By: Mohnish Singh
Britain wants to tackle the issue of migrants arriving in small boats while remaining compliant with the European Convention on Human Rights (ECHR), Prime Minister Rishi Sunak’s spokesperson said on Monday.
The Sunday Times cited officials saying Sunak might consider leaving the ECHR if the British law were challenged by its human rights court.
“The policy approach of the government will both deal with the underlying causes and seeks to be compliant with our international obligations including the ECHR,” the spokesperson said.
Sunak in December last year set out a new five-step strategy to clamp down on illegal immigration, with a promise to end the government’s backlog of asylum applications by the end of 2023.
Hundreds of additional staff will be deployed to a new unit to monitor small boats crossing the English Channel as well as a dedicated unit to handle claims from Albanians – among the largest cohort of illegal migrants despite Albania being categorised as a safe country. The new plans also cover housing 10,000 asylum seekers waiting for their claims to be processed in less expensive accommodation than hotels.
“It is unfair that people come here illegally. It is unfair on those with a genuine case for asylum when our capacity to help is taken up by people coming through, and from, countries that are perfectly safe,” Sunak said in a statement in the House of Commons.
“It is not cruel or unkind to want to break the stranglehold of the criminal gangs who trade in human misery and who exploit our system and laws. Enough is enough. As currently constructed the global asylum framework has become obsolete,” he said.
Under the government’s five-point agenda, which Sunak said had been devised by him and his Home Secretary, Suella Braverman, a new permanent unified Small Boats Operational Command will be set up to coordinate intelligence, interception, processing, and enforcement. It will involve more than 700 new staff and double the funding given to the UK’s National Crime Agency (NCA) for tackling organised immigration crime in Europe.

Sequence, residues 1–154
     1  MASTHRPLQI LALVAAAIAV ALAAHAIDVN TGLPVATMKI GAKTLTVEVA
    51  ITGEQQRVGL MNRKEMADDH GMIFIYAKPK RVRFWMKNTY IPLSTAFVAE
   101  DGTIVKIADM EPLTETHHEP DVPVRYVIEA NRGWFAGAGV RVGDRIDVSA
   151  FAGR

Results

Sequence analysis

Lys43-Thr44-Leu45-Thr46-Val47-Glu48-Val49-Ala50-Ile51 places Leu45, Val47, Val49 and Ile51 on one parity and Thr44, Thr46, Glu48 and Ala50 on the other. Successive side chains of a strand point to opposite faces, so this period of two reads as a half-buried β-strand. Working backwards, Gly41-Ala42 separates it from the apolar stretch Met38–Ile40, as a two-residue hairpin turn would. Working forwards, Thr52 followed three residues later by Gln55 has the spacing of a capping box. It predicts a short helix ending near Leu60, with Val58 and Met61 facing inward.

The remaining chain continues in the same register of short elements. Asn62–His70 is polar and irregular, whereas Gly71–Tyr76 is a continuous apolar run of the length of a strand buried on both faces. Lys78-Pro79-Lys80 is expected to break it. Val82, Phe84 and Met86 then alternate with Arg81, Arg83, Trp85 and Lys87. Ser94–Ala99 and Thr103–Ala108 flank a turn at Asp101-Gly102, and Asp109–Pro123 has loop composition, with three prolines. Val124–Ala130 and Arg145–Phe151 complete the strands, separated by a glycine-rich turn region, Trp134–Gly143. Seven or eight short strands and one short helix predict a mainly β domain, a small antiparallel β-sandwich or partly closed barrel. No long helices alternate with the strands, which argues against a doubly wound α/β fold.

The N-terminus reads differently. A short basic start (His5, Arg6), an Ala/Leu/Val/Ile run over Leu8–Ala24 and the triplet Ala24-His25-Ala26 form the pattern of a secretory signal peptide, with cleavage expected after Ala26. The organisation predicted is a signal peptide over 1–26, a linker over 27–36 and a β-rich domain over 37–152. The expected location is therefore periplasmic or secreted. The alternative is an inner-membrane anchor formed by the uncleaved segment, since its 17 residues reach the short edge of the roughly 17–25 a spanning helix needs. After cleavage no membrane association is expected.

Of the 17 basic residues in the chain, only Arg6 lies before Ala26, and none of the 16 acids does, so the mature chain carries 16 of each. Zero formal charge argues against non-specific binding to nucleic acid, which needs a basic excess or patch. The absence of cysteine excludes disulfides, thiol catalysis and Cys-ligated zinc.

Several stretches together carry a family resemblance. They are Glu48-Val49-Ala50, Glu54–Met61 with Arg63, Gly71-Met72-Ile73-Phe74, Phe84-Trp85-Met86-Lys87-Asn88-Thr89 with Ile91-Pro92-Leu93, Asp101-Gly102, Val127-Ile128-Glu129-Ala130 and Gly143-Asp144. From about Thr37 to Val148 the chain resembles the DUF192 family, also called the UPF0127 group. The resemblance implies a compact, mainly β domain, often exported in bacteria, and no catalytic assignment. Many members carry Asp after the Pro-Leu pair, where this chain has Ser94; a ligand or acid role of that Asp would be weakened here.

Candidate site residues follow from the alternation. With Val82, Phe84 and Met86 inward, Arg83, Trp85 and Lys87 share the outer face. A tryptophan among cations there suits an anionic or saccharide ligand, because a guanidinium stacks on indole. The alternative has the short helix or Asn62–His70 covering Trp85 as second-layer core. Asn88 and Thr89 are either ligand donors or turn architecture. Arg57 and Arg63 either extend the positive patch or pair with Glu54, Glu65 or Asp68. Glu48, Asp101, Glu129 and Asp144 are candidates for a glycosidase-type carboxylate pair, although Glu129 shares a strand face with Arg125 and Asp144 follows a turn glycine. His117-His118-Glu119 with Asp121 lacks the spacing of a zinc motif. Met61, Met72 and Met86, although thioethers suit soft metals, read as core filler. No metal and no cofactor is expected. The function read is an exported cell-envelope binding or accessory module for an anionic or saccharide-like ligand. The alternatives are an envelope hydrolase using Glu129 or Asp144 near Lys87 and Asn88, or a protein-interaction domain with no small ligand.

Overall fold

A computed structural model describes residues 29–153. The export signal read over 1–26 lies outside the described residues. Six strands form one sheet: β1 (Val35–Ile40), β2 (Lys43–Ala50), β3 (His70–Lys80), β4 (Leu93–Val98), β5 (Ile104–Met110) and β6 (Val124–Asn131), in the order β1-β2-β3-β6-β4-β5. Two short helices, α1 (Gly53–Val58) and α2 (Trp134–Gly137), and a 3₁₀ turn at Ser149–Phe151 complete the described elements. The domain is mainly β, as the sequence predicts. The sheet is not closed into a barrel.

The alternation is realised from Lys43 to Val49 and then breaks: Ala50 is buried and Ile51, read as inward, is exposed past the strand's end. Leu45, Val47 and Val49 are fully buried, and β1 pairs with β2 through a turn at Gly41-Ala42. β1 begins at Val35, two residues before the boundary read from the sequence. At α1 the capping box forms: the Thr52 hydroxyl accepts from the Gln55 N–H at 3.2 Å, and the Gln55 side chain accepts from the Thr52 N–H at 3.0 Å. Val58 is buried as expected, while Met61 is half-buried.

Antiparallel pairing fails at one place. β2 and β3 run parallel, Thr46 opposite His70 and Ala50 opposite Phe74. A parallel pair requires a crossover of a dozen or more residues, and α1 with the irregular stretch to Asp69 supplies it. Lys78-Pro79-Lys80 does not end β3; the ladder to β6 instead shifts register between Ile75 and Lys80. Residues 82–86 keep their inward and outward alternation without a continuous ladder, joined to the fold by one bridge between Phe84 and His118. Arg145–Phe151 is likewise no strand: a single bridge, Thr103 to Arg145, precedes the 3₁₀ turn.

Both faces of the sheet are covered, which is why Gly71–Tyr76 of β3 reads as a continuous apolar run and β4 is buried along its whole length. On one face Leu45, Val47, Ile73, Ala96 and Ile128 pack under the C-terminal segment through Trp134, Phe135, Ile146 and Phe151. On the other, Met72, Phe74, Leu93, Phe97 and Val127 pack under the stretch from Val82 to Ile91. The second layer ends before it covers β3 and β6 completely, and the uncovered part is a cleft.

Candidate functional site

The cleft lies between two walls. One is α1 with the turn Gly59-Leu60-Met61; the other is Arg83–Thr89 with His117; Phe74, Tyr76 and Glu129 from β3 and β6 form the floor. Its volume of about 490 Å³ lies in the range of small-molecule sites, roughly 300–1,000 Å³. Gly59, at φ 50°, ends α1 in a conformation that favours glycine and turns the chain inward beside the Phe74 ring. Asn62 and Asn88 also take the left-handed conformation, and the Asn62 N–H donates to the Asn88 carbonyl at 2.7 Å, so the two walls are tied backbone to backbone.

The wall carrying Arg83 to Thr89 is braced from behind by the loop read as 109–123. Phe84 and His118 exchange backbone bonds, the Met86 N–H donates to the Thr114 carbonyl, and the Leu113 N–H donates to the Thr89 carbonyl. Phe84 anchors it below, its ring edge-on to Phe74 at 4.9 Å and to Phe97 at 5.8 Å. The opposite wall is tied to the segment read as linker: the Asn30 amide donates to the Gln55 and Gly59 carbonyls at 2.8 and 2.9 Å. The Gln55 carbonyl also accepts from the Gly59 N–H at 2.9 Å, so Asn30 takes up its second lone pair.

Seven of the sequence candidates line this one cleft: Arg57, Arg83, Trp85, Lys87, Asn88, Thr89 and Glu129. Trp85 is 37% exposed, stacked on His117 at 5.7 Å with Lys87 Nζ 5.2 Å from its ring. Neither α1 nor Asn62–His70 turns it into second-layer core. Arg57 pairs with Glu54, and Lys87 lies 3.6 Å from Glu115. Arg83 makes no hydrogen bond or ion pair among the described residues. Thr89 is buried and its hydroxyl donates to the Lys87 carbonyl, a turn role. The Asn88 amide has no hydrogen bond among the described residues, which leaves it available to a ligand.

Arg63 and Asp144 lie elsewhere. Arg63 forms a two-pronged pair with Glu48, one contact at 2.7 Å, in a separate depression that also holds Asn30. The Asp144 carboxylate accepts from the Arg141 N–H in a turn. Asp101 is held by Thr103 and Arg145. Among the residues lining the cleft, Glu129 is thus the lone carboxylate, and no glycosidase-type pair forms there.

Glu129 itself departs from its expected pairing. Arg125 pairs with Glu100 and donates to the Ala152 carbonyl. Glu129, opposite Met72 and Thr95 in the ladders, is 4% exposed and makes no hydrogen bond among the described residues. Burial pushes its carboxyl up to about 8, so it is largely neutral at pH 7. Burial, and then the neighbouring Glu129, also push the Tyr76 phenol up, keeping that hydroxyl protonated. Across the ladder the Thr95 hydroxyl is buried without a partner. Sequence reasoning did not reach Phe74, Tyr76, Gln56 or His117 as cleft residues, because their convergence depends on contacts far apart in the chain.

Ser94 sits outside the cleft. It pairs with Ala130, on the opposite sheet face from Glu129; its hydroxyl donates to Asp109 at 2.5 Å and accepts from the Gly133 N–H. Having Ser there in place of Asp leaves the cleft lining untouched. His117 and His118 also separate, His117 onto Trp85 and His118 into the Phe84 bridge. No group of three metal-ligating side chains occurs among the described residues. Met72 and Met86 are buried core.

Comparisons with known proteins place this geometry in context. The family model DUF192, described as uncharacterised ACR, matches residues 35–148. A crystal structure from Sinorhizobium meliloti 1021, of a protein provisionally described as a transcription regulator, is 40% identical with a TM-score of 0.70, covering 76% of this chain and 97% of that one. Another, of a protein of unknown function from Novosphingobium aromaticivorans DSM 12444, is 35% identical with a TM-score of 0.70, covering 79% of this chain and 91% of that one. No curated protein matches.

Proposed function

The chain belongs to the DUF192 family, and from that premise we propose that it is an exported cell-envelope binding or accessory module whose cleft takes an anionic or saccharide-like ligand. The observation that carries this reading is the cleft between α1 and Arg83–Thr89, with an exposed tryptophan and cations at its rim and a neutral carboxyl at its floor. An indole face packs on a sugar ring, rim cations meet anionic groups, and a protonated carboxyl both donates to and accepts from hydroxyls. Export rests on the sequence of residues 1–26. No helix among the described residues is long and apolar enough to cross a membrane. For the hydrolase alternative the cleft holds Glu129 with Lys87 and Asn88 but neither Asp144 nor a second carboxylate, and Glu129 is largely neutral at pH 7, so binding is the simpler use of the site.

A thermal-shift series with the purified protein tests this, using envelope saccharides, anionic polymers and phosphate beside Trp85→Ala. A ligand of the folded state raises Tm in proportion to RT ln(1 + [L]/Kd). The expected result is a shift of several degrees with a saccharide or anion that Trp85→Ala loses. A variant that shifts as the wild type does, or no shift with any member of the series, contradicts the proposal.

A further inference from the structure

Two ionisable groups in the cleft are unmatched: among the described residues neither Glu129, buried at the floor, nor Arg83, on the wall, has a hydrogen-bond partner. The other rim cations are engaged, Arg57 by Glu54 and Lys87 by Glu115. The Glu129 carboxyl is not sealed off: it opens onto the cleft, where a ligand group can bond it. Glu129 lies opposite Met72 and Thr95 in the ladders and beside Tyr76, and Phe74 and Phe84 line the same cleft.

The second step he set out involves freed up immigration officials being able to increase raids on illegal working by 50 per cent. The third area of focus will be to counter the GBP 5.5 million daily bill for the use of hotels to house asylum seekers and make use of alternative sites such as disused holiday parks, former student halls, and surplus military sites.
The fourth area covers a doubling of asylum application caseworkers “radically re-engineering” the end-to-end process with shorter guidance, fewer interviews, less paperwork and introducing specialist case workers by nationality.
The fifth and final area highlighted by Sunak in Parliament is aimed at tackling the large numbers from a “safe, prosperous European country” of Albania, who make up a third of those arriving via small boats.
“The Prime Minister of Albania has himself said there is no reason why we cannot return Albanian asylum seekers immediately,” said Sunak.
“Last year Germany, France, Sweden all rejected almost 100 per cent of Albanian asylum claims. Yet our rejection rate is just 45 per cent. That must not continue. So today I can announce a new agreement with Albania – and a new approach,” he said.
The agreement covers embedding UK Border Force officers in Tirana airport in Albania to combat organised crimes and a new dedicated unit for the country expediting cases within weeks, staffed by 400 new specialists.